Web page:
James Harden Says Rockets Are 'A Piece Away' After Playoff Loss to Lakers

Tyler Conway@jtylerconwayFeatured ColumnistSeptember 13, 2020

Houston Rockets' James Harden cover his face in the closing minutes of a loss to the Los Angeles Lakers during the second half of an NBA conference semifinal playoff basketball game Saturday, Sept. 12, 2020, in Lake Buena Vista, Fla. (AP Photo/Mark J. Terrill)
Mark J. Terrill/Associated Press

The Houston Rockets were bounced in embarrassing fashion by the Los Angeles Lakers on Saturday in Game 5 of their second-round series, but James Harden still has faith they can be title contenders moving forward.

"It's very, very frustrating, especially with all the work individually I put in. I'm going to keep chipping away. Keep going and keep going til I can't go anymore," Harden told reporters after the Rockets' 119-96 loss. "We're a piece away. We just gotta keep figuring it out, keep trying to grow and put the right pieces around me and Russ [Westbrook]."

Ben Golliver @BenGolliver

Rockets’ James Harden on not getting over the hump: “It’s very, very frustrating. I’m going to keep chipping away. We’re a piece away. We’re going to keep trying to grow and put the right pieces around me and (Russell Westbrook).” https://t.co/liXZSrMRpt

This will be the fourth straight offseason the Rockets go into believing they're "one piece away." The old (and valid) excuse was that the Golden State Warriors were a generational buzzsaw too strong to stop. Last summer, they seemed to believe that one piece was Westbrook, though that trade was born more out of Harden's inability to get along with Chris Paul than for basketball purposes.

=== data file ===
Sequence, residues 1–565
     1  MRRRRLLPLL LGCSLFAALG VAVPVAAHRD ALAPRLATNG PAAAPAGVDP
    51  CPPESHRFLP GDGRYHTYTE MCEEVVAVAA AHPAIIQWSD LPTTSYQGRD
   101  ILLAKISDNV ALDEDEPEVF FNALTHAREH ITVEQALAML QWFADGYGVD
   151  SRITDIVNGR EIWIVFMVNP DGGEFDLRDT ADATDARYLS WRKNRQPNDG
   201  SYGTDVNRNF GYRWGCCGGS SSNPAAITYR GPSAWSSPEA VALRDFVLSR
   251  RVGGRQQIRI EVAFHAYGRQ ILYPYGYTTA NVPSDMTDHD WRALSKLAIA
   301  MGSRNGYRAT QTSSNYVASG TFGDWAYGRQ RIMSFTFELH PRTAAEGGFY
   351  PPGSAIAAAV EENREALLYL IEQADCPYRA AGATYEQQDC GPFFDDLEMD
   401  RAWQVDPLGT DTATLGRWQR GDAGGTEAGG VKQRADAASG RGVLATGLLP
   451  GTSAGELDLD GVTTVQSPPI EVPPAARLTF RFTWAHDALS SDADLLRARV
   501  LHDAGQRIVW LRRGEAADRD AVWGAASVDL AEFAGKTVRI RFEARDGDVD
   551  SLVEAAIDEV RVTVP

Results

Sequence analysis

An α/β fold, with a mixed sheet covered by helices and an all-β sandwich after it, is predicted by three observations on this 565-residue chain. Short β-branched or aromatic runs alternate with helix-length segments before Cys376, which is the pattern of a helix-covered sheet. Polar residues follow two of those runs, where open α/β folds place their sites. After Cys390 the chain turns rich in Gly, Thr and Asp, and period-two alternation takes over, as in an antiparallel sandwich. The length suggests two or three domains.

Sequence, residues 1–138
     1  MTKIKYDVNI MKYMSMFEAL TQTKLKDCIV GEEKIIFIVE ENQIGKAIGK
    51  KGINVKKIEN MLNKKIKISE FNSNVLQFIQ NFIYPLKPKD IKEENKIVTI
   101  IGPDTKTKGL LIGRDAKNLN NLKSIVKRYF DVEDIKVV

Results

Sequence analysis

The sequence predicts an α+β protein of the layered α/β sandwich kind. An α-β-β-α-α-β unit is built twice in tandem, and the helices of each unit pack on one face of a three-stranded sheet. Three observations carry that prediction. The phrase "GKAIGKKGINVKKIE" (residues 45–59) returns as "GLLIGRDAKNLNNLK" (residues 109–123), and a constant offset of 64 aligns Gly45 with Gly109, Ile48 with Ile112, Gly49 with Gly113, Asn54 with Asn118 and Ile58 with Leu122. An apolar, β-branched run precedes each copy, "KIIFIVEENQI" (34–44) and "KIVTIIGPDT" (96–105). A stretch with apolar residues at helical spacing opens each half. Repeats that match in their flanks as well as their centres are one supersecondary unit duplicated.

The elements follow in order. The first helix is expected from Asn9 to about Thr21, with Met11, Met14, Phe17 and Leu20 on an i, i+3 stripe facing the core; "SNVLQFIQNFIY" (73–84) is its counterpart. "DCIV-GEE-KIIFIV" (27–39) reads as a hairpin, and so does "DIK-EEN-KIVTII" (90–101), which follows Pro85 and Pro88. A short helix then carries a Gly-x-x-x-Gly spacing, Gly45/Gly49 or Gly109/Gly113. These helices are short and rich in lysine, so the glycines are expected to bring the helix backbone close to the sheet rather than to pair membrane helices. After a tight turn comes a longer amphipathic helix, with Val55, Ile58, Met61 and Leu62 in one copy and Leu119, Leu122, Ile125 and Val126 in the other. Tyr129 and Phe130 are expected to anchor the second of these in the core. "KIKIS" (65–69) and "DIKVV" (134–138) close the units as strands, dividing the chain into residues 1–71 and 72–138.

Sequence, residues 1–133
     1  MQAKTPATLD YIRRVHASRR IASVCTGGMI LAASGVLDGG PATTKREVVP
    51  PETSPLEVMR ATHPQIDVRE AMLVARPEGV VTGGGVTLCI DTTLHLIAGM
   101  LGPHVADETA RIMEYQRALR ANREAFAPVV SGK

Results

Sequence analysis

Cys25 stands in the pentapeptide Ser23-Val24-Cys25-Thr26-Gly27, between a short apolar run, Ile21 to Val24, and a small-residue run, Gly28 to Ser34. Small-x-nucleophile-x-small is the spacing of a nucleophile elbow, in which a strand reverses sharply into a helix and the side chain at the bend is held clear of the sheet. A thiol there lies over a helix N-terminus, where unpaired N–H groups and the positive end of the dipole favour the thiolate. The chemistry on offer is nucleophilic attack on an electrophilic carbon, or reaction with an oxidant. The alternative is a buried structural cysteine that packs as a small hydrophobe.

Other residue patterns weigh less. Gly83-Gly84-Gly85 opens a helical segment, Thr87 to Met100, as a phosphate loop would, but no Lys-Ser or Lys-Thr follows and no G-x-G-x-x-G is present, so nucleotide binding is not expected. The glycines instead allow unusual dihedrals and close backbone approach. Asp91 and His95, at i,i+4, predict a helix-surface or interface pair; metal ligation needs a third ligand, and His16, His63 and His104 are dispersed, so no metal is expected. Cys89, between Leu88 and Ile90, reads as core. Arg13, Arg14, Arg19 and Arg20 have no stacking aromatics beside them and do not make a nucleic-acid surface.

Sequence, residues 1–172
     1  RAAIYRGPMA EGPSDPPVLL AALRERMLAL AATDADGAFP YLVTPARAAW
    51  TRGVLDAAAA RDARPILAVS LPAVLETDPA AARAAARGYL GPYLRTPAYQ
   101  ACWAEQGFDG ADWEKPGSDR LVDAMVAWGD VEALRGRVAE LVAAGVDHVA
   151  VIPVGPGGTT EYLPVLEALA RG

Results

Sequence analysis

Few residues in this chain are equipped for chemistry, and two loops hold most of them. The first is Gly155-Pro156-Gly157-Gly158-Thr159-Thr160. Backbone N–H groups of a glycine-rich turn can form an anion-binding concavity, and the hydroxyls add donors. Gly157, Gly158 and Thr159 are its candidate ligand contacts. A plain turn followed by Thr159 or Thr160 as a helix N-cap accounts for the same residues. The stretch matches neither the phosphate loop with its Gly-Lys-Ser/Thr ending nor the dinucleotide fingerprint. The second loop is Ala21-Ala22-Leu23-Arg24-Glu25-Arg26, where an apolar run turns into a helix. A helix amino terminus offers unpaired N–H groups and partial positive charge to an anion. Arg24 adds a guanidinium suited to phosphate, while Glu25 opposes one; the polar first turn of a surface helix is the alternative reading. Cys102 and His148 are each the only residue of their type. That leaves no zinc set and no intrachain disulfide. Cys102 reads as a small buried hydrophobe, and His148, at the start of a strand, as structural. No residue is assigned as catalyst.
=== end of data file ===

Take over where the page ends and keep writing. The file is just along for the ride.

Paul responded with one of the greatest seasons for a point guard age 35 or older in NBA history. Westbrook, while still having moments of brilliance, looks more like a contractual albatross hanging over the franchise.

It's hard to find any obvious fit that would boost the Rockets' chances of making a deep playoff run, especially given the fact that they're helplessly capped out because of Harden and Westbrook's contracts. They will have the taxpayer mid-level exception available, but it's unclear if they'll be allowed to use it. Team governor Tilman Fertitta may also pull back on the purse strings with his businesses struggling because of the COVID-19 pandemic.

The Rockets will almost certainly go into next season continuing their commitment to small ball, so their focus will be on wings who can knock down threes and play defense—a valuable commodity not often available at the mid-level. Following their worst playoff showing of the Mike D'Antoni era, there may not be anyone out there willing to give them a discount, either.